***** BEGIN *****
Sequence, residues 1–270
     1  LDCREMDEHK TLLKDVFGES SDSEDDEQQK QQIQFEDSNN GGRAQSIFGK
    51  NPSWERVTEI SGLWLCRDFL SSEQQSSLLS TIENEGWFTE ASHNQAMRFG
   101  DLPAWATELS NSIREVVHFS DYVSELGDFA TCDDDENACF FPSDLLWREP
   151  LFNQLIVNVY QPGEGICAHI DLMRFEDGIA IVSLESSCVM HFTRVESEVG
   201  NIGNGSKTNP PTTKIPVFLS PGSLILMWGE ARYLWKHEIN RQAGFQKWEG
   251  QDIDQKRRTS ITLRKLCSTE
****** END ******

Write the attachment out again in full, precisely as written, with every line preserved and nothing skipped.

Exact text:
Sequence, residues 1–270
     1  LDCREMDEHK TLLKDVFGES SDSEDDEQQK QQIQFEDSNN GGRAQSIFGK
    51  NPSWERVTEI SGLWLCRDFL SSEQQSSLLS TIENEGWFTE ASHNQAMRFG
   101  DLPAWATELS NSIREVVHFS DYVSELGDFA TCDDDENACF FPSDLLWREP
   151  LFNQLIVNVY QPGEGICAHI DLMRFEDGIA IVSLESSCVM HFTRVESEVG
   201  NIGNGSKTNP PTTKIPVFLS PGSLILMWGE ARYLWKHEIN RQAGFQKWEG
   251  QDIDQKRRTS ITLRKLCSTE